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Yes, you read it right. Port-O-Rotary. We've gone and hacked into a rotary phone.
I find myself talking about nerd things with my friends and peers who could usually careless. Every once and a while, someone who really doesn't have a clue, says something so crazy, it makes you take a step back. I can't remember who had the idea of a rotary cell phone - needless to say it had something to do with quite a few rum and cokes. They didn't have a clue how to do it, they just thought it would be cool. So did I...
Why wouldn't it be cool to see a rotary phone, ringing, with no wires attached? It might mess with your brain a bit.
Turns out I am very glad there is no such thing as a cellular rotary phone - the dialing takes forever! And here in Colorado - on a 10-digit dialing system - you don't dare mess up the number.
So here it is - a portable cellular rotary phone - in all it's random glory!
We've finished the ringer circuit! View it here.
Want to buy one?
Find the phone on Ebay -
Where do you even buy a rotary phone these days? Oddly enough, there are quite a few phones on Froogle that had push buttons within the faux rotary face. That won't do.
Where else to look? Ebay of course! You can find anything! There are quite a few people selling rotarys of different qualities and ages on Ebay. Most are ~$20. We got our 1957 'Automatic Electric Company' rotary phone for $10 + $8 in shipping. Not too shabby.
Whoops. The auction alluded to the 'original tone ringer' which looks like they meant the phone was upgraded. Oh well - I'll have to find another rotary with the old bell type ringer for Port-O-Rotary v2.
What a mess of wires!
The phone was a bit dirty (not bad for nearly 50 years of age) but was easily disassembled.
Now those are some components! Time to replace them with technology of the 21st century. I tore the phone apart, wiped everything down with some warm water and elbow grease. On a side note, I think the previous owner was a smoker...
Rotary Decoding -
Let's take a look at the actual rotary and how it functions.
Here's a couple photos of the rotary element up close to help you get an idea of what is going on. Basically, the entire system is just the opening and closing of switches.
When you twist the rotary around, nothing much happens. When you let the rotary go, the dial starts turning back to its original position. As it does this, the grey oblong wheel spins once for every two numbers. Two numbers? That seems silly. Actually, it makes it very easy. This picture is about as good as it gets and it's still not very good. You can see the top two paddles slightly further apart. There seems to be some nice liquid gel that is protecting the paddles so they never actually have an visible open space. But if you hook up a resistance meter, sure nuf, the thing is toggling on/off. Ok, that seems easy enough.
Now this is another important picture. This is the rotary in the finished, or non-turning position. Take a look at the bottom three paddles. When the dial has returned to the finished state, the center brass column exhorts pressure on the black pin, opening the very bottom paddle. Thus, you can tell when the rotary is finished spinning! Ohhh, this is almost too easy! Now we just need a PIC to take a look at the on/off clicks.
Here are the connections to the various pins. This is a SSOP version that is being design into another PCB but just imagine it's a 18-pin DIP. No crystal, uses the internal 8MHz because at 3.8V on a non-16LF88 part, we'd better be careful.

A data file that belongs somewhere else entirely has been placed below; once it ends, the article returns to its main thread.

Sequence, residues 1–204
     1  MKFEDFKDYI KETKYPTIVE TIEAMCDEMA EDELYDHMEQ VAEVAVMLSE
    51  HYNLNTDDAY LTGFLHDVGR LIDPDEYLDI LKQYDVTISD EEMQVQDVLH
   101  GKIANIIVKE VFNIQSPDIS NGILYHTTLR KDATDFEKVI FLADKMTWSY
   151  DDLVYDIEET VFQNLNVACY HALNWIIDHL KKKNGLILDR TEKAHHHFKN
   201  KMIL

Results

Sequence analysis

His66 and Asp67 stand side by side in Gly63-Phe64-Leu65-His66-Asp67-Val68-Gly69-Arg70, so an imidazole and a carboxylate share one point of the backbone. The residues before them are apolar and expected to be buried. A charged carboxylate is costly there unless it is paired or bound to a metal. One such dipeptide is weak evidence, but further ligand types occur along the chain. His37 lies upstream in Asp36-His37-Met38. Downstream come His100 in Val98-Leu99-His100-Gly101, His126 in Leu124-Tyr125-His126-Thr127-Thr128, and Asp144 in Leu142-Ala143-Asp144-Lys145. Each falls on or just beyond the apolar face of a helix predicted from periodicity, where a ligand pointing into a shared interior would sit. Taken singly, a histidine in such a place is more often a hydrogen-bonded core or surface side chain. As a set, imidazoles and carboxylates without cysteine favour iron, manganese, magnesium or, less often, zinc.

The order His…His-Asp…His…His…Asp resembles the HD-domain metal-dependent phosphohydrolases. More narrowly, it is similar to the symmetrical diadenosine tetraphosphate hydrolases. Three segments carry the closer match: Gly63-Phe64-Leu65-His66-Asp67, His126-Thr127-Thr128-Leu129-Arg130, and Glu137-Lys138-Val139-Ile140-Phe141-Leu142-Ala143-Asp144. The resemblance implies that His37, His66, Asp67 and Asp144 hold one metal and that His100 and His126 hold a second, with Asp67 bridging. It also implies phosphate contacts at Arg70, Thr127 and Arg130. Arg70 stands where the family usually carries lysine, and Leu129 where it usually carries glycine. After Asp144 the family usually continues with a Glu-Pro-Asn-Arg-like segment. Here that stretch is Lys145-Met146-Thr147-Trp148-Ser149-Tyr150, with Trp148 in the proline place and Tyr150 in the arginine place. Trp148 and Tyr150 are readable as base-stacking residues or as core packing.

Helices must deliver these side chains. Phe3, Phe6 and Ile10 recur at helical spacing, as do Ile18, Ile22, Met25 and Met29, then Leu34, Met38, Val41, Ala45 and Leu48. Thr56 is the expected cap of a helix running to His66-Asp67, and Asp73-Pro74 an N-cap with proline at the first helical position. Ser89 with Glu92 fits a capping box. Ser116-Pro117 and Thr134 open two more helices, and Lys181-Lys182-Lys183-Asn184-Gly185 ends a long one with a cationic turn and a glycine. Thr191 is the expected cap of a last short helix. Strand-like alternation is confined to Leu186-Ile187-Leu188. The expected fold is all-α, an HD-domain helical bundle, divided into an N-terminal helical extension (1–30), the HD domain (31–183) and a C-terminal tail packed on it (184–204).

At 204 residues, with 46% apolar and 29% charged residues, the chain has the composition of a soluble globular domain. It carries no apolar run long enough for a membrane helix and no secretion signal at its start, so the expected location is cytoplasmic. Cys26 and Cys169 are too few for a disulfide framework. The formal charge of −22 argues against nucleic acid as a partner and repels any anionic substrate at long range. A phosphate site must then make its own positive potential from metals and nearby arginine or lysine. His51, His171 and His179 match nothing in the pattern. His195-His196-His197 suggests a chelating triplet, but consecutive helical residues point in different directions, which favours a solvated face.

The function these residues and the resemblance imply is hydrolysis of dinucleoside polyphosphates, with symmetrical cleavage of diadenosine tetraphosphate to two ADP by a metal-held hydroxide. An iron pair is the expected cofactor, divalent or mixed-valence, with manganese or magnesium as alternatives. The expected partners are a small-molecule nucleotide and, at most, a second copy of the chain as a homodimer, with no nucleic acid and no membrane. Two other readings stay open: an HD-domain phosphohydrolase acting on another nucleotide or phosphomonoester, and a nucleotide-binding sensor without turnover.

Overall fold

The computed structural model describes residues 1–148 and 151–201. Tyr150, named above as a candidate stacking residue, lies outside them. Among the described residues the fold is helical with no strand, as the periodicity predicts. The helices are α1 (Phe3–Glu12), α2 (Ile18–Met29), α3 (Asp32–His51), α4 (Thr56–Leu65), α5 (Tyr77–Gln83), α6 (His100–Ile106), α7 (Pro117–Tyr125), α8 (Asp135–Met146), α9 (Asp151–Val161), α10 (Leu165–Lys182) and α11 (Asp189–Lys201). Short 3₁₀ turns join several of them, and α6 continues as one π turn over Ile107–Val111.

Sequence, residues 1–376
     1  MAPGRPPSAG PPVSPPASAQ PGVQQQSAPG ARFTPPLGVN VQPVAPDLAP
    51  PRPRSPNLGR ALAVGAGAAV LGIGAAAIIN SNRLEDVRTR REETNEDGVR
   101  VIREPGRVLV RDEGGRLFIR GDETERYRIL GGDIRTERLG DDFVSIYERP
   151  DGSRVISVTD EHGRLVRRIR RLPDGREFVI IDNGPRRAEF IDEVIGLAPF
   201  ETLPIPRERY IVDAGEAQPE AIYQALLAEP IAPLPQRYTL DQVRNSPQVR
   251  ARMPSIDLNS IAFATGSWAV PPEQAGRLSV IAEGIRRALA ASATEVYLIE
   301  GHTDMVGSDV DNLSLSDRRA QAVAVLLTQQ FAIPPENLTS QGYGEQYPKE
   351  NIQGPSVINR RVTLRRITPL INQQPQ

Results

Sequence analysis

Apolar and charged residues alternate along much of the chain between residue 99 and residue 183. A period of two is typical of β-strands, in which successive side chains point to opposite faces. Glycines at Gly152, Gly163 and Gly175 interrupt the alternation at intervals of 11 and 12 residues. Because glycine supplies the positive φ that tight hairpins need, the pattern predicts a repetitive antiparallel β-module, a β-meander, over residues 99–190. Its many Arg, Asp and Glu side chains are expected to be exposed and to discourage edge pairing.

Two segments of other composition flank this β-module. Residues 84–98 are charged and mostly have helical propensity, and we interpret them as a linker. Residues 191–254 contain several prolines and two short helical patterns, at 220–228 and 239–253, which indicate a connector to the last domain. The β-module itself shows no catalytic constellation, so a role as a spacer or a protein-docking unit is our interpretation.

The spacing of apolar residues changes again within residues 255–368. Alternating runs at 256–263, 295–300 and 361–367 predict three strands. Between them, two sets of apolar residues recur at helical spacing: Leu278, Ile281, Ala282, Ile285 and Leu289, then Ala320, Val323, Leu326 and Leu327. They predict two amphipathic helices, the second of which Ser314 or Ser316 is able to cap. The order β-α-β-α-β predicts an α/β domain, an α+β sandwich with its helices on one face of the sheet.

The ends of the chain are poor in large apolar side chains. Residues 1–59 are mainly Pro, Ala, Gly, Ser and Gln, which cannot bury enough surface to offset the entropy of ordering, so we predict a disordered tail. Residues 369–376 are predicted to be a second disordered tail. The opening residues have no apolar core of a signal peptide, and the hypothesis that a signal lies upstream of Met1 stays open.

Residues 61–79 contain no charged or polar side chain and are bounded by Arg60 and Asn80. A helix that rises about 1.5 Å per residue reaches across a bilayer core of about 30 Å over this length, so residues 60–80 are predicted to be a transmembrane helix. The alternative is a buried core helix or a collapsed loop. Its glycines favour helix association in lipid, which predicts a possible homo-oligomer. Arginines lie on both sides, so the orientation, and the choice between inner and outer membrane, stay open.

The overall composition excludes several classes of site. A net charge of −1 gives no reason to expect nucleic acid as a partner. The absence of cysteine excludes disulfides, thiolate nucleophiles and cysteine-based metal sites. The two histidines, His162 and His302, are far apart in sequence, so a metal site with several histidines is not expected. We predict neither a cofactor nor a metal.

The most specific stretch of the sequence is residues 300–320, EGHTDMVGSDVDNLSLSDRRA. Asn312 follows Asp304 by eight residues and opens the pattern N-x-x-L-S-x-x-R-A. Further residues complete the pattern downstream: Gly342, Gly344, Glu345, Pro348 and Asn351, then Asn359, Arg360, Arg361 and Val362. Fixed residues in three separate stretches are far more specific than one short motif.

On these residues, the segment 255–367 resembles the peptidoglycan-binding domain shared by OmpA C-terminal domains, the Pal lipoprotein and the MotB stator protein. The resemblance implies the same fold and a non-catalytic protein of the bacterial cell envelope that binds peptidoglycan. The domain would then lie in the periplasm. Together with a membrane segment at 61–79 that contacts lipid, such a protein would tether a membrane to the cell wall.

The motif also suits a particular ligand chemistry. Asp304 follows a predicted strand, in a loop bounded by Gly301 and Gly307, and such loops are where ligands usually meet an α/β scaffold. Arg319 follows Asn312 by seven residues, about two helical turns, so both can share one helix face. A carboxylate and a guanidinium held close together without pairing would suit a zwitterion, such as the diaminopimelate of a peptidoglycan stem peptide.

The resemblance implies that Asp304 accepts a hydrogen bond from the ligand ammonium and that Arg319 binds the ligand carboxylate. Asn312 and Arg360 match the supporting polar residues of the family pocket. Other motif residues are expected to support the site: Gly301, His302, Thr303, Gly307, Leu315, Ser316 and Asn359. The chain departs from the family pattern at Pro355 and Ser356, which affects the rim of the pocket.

The minimum operating voltage for the 16F88 is 4V but I was able to run it fine at 3.8V.
'End_Rotary' is connected to the lower paddle. 'Rotary' is connected to the upper paddle. 'Hook' is connected to a similar paddle within the upper rotary mechanism that tells you when the phone is lifted off the hook or not - it's surprising simple... There are two complimentary paddles (one for the hook circuit and one for the rotary circuit) that are connected to ground. PORT B on the 16F88 have internal 10K pull-up resistors. Turn them on and you've almost got the hardware wired up!
So with the internal pull-ups on, 'End_Rotary' will see a '1' while the user has activated a number and the rotary is returning - and a '0' when the rotary is in the normal sitting position.
'Rotary' will see a '0' every time a number passes by and a '1' every other time. Actually, it adds 1 extra click at the end of every dialed number, 7 clicks when rotating from '6', 2 clicks from '1' and 11 clicks when rotating from '0'. This will all be taken care of in software.
'Hook' will see a '1' when the phone is on the hook and a '0' when the user is using the phone.
Now for some firmware!
while(END_ROTARY == 0 && HOOK == 1)
//Now count how many times the mechnical switch toggles
while(ROTARY == 1) if(END_ROTARY == 1 || HOOK == 0) break;
delay_ms(10); //Wait for switch to debounce
while(ROTARY == 0) if(END_ROTARY == 1 || HOOK == 0) break;
delay_ms(10); //Wait for switch to debounce
This is the loop that decodes the clicks from dialing. We always need to be on the look out for when the user hangs up the phone so there are a lot of conditionals. I guess you could call it a state machine, but it's just C code to me.
We wait for the switch to open and close. Throw in some delays to ignore the bouncing and we've got it! Once END_ROTARY = 1 dialed_number will contain the number dialed + 1 (remember the extra click on everything?).
dialed_number--; //Rotary always has one extra closure that must be taken off
if (dialed_number == 10) dialed_number = 0; //Correct for operator call
if (dialed_number < 10) printf("%d", dialed_number);
else printf("!", 0); //Error condition
if (counter == 2 || counter == 5) printf("-", 0); //Fancy - easier to read
Here we are manipulating the dialed number (subtracting 1) and the zero/operator case. Then we clean things up a bit for printing.
You can download the firmware here: